On receiving the Sarwan Sahota Distinguished Scholar Award, Bagheri says that he’s grateful that his colleagues considered him for the award.

“I'm very appreciative of the opportunities that the TMU has afforded me,” he said, while highlighting the ingenuity and hard work of all the students who have worked with and inspired him over the years.

Digital risk society

Ojelanki Ngwenyama

Professor Ojelanki Ngwenyama was recognized for his 20 years of research on the digital risk society.

Ngwenyama says that by the time he completed his PhD in 1988, he had developed an ambivalence to technology.

“I saw the potential negative social implications of tech,” he said. “Digitalization is intrusive and profoundly transformative of social life and global communities.” Ngwenyama began to focus his research on “digital risk society” to understand how we think about digital technology and use it to transform our world. 

In the last 20 years of his research, Ngwenyama has seen the rise of digital entrapment: persuasive design and other techniques to keep us tethered to the digital universe; the rise of machine learning and the embedding of digital technology in ordinary every-day activities. 

“We have had many social and economic gains from digitalization. But societal digitalization is also profoundly alienating and destructive to humanity. Fundamentally we use digitalization to remove humans from decision making and productive processes. 

“In the long run, this is profoundly alienating and destructive to humanity. The recent example of ChatGPT clearly demonstrates this,” said Ngwenyama. Digitalization has led to: manipulation of citizens and political processes; digital surveillance, predictive policing that infringe our freedom and liberty; labour exploitation via click work; energy overconsumption from bitcoin mining and AI model testing. He also notes that the insatiable production of newer versions of digital devices leads to habitat destruction (deforestation, pollution, soil acidification) from unsustainable mining for rare earth metals.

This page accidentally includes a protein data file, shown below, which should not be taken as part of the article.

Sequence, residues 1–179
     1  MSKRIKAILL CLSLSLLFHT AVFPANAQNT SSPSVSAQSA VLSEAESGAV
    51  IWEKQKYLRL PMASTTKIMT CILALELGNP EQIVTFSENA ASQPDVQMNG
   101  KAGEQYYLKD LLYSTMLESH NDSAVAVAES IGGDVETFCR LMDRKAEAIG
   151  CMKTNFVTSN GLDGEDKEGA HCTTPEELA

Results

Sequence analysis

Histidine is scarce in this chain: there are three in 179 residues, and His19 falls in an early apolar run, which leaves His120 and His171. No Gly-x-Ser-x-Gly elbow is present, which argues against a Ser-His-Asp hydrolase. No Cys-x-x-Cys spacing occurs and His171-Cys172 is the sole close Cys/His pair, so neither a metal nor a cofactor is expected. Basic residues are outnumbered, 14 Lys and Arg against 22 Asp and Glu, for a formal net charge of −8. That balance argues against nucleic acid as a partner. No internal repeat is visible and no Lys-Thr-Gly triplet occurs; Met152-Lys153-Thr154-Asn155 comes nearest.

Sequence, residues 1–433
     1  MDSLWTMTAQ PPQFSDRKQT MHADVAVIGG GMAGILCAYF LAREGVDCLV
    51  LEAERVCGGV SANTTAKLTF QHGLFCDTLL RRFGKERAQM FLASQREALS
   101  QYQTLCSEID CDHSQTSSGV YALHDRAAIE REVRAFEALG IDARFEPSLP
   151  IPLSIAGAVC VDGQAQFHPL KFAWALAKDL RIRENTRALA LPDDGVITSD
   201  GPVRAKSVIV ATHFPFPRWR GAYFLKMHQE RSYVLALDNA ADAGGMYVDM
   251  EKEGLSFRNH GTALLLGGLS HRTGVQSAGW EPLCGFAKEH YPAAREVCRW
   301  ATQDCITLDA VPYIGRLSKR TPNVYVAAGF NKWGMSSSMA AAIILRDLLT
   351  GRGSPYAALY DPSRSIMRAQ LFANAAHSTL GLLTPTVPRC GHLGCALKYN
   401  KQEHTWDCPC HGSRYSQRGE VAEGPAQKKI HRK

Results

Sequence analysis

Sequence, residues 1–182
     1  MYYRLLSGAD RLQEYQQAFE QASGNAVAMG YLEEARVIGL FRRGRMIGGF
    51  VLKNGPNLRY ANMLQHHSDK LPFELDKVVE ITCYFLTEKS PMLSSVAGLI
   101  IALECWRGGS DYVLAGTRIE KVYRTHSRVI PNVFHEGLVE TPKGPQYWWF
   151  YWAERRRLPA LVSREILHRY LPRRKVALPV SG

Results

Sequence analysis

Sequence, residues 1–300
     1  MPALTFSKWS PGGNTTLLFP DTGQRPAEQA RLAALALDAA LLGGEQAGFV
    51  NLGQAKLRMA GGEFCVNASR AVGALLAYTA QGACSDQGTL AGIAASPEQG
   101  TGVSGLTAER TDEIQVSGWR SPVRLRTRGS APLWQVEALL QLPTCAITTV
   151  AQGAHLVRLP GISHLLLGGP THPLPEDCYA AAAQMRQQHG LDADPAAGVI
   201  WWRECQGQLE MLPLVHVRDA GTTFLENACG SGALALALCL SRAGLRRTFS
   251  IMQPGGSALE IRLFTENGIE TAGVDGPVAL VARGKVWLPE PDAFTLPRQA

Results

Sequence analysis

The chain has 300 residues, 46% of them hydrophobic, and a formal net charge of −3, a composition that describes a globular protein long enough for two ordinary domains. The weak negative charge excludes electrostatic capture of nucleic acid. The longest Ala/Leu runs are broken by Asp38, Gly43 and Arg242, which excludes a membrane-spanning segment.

“My interest lies in trying to understand how we got here, what is an appropriate system of social values necessary for humanistic digitalization,” he said. “The dark side of digitalization is now vivid, but until about five years ago it was still difficult to raise discourse around these issues.”

Despite that, Ngwenyama continues to study the risks of common technology elements, like the regulation of data collection.

When asked how it feels to receive the Sarwan Sahota Distinguished Scholar Award for his many years of work, Ngwenyama says he’s happy that his work is recognized as something that is important to society. 

“I’ve been recognized internationally and it’s nice to be recognized by your home institution,” he said.

Both academics were recognized at the Toronto Met Awards Gala on May 9, 2023.